Subject: OWLT Stew News - December 2020

December 2020 - Stew News
Dear Friend,

As 2020 comes to a close we are thrilled with the achievements we were able to accomplish during a challenging year. Thank you to dedicated volunteers and supporters that helped us achieve many predetermined tasks.

We would like to wish everyone a healthy and happy holiday season.
Happy New Year!
Prescribed Management

All ecosystems depend on disturbance to complete their functional cycle. Most notably prairie ecosystems thrive on disturbance to set back succession. Succession is defined as the evolution over time of the composition and structure of a biological community. 

Vegetation community changes occur in many ways, both positive and negative. With past land use that has mostly fragmented and degraded Southeast Wisconsin’s habitats, we see unmanaged lands invaded by non-native woody species like buckthorn, honeysuckles, and autumn olive. 

With an increase of invasive species we start to see a significant decrease in diversity and overall health of these systems. This results in these systems being less productive for pollinators and wildlife species – with fewer places to eat and live. Hence, OWLT is committed to managing land in the best interest of nature. One way to achieve this, locally in Wisconsin, is by utilizing prescribed fire. 

The Forest Service defines prescribed/controlled burning as:
“any fire intentionally ignited to meet specific land management objectives, such as to reduce flammable fuels, restore ecosystem health, recycle nutrients, or prepare an area for new trees or vegetation. Controlled burning is a management tool that when used under specifically controlled conditions will help land stewards manage forests and rangelands for multiple use.” 

(learn more at:

photos from Riverbend Preserve
The reasons that the OWLT stewardship team utilizes prescribed fire as a management tool is to accomplish the following key management tools:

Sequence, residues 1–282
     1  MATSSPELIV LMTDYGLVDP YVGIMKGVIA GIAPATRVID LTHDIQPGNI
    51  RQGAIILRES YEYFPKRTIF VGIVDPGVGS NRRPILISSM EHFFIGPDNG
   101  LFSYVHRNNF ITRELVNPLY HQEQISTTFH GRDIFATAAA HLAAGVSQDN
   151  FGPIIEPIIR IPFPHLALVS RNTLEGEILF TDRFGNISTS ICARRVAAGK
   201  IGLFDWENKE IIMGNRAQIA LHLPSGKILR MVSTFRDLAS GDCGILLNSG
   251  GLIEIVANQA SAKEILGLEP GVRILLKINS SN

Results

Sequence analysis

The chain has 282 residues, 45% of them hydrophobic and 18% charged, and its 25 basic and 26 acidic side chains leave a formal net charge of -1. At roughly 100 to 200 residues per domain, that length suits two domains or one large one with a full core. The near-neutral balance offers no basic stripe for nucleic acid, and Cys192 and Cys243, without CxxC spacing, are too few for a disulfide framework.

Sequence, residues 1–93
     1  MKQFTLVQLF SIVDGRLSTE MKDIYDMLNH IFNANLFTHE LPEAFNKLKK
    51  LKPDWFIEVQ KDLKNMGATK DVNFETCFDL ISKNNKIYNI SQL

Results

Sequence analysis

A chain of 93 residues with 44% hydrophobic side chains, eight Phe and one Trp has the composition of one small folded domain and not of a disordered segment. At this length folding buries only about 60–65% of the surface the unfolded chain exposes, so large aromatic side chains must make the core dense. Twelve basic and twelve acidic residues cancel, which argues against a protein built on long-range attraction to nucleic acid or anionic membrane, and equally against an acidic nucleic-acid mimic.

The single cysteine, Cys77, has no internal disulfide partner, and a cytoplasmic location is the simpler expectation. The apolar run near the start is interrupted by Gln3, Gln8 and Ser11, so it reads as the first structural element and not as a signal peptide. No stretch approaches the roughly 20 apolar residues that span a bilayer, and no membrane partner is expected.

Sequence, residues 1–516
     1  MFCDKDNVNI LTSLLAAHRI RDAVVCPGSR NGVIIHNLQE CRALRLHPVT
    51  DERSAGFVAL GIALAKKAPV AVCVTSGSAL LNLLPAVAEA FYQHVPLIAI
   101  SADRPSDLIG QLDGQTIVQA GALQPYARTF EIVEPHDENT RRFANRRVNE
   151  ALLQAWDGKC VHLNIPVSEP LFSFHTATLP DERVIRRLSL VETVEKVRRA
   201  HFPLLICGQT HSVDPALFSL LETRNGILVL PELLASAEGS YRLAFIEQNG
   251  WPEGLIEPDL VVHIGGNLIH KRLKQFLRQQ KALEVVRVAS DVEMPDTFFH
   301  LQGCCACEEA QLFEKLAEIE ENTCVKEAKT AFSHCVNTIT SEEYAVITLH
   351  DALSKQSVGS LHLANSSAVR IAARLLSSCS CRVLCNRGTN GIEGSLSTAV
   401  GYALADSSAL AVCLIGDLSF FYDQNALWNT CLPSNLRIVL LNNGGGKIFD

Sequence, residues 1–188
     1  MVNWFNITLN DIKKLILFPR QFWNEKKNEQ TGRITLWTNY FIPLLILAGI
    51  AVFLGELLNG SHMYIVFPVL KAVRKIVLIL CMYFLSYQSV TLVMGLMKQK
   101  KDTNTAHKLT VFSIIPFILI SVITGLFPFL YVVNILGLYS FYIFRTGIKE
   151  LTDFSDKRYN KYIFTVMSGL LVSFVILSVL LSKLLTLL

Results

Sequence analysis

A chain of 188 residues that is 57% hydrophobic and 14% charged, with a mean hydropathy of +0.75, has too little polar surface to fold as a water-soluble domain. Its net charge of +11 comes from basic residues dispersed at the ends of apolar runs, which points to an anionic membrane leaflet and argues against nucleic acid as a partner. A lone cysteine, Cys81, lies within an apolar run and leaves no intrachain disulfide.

1. Manage prairie habitat by

  • killing woody vegetation (setting back succession) and
  • increasing diversity (more sun to soil contact, less initial interspecies competition, fire induced germination).
2. Clearing grassy vegetation for seeding of native prairie or trees.
3. Providing a natural process to improve ecological health.
When regular fire intervals are applied to a prairie landscape encroaching newly established woody species are killed. Perennial prairie plants are not harmed during this process. In fact, diversity of plant species will often increase after a fire. This benefits the many species of wildlife that rely on a prairie habitat. This is especially true for pollinators that depend on native wildflowers as a food source. 

At one time, fire was a naturally occurring process, occurring at regular intervals creating high quality prairie habitat. Today, land managers use this historically natural process in a controlled and safe setting to achieve management goals. Lots of planning goes into a prescribed fire to ensure a safe and effective outcome. Factors that are taken into consideration include wind speed and direction, lifting height, relative humidity, burn breaks, and more.